4. A method of rendering a portion of the body selected from the scalp, torso, and limbs surgically clean which comprises preparing a solution containing 0.01% to 10% by weight of a germicide and 1% to 10% by weight of a surfactant cleansing agent, immersing such portion of the body to be cleaned in said solution, and vibrating the solution at a frequency in the range from 15 to 50 kilocycles per second while said portion of the body is immersed therein.
5. A method of rendering a portion of the body selected from the scalp, torso, and limbs surgically clean which comprises preparing an aqueous solution of a germicide and a surfactant cleansing agent, immersing such portion of the body to be cleaned in said aqueous solution, and vibrating the solution at a frequencv in the range from 10 to 200 kilocycles per second while said portion of the body is immersed therein.
6. A method of rendering a portion of the body selected from the scalp, torso, and limbs surgically clean which comprises preparing an aqueous solution containing 0.1% to 5% by weight of germicide and 1% to 5% by weight of a surfactant cleansing agent, immersing such portion of the body to be cleaned in said aqueous solution, and vibrating the solution at a frequency in the range from 15 to 50 kilocycles per second while said portion of the body is immersed therein.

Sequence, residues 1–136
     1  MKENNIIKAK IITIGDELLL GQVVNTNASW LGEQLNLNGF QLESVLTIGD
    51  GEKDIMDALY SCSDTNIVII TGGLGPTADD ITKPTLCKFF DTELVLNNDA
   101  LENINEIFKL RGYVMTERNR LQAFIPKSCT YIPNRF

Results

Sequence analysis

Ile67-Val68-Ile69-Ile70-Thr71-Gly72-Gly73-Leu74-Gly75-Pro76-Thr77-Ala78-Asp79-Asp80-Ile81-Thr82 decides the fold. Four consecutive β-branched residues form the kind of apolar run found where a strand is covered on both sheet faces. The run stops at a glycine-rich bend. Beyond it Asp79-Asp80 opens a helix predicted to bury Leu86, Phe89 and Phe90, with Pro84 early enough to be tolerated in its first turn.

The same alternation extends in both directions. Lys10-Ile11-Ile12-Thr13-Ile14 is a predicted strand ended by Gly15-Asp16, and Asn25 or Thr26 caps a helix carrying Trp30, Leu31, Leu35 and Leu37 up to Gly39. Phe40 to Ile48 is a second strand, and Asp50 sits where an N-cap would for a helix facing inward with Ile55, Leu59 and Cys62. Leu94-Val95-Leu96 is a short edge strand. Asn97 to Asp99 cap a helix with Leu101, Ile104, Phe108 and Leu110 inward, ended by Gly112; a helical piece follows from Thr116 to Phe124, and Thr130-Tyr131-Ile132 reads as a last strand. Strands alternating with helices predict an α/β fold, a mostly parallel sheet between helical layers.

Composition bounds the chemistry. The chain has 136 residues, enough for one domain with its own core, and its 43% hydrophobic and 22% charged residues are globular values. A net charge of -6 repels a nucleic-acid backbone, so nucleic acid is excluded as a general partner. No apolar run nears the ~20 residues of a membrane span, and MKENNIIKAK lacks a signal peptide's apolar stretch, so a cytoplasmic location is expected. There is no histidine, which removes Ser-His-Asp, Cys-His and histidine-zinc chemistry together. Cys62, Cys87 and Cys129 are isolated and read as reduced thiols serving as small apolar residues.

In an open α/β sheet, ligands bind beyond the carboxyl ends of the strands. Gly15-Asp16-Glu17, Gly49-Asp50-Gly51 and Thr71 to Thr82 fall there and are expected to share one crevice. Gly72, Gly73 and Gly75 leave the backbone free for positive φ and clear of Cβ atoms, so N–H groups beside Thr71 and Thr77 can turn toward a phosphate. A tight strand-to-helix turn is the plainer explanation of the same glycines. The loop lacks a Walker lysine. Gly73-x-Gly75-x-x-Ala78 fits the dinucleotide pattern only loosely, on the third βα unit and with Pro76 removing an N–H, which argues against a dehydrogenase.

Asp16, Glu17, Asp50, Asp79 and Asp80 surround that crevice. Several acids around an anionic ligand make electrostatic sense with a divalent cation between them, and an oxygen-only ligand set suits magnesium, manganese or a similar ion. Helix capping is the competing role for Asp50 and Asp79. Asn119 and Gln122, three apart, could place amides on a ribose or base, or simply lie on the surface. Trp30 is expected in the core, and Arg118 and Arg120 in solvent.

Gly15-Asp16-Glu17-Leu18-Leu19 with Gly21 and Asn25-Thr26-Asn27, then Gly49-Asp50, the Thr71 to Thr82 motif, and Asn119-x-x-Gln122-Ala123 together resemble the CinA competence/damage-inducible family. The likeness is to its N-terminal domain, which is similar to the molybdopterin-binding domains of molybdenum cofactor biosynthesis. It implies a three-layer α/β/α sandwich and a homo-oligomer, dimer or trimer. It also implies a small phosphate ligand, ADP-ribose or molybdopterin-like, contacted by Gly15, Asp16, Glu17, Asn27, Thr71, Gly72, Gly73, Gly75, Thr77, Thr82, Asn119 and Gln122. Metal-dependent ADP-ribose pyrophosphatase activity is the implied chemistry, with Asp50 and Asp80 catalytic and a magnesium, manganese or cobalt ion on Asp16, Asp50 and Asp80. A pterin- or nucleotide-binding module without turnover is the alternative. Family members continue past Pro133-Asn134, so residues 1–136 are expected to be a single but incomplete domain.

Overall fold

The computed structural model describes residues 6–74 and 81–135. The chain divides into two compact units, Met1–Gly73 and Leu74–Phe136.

7. A method of rendering a portion of the body selected from the scalp, torso, and limbs surgically clean which comprises preparing an aqueous solution containing 0.1% to 5% by weight of germicide and 1% to 5% by weight of a surfactant cleansing agent, immersing such portion of the body to be cleaned in said aqueous solution, for a period of be to 5 minutes, and vibrating the solution at a frequency in the range from 15 to 50 kilocycles per second and at a power level not exceeding five watts per sq. cm. of solution surface area while said portion of the body is immersed therein.
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|U.S. Classification||134/1, 8/137, 601/2, 604/289, 8/DIG.120|
|International Classification||A61B19/00, A61H23/02, A61H35/00, B08B3/12|
|Cooperative Classification||A61B19/36, A61H23/0245, Y10S8/12, A61H35/00, B08B3/12, A61H2205/06|
|European Classification||A61B19/36, A61H23/02P, A61H35/00, B08B3/12|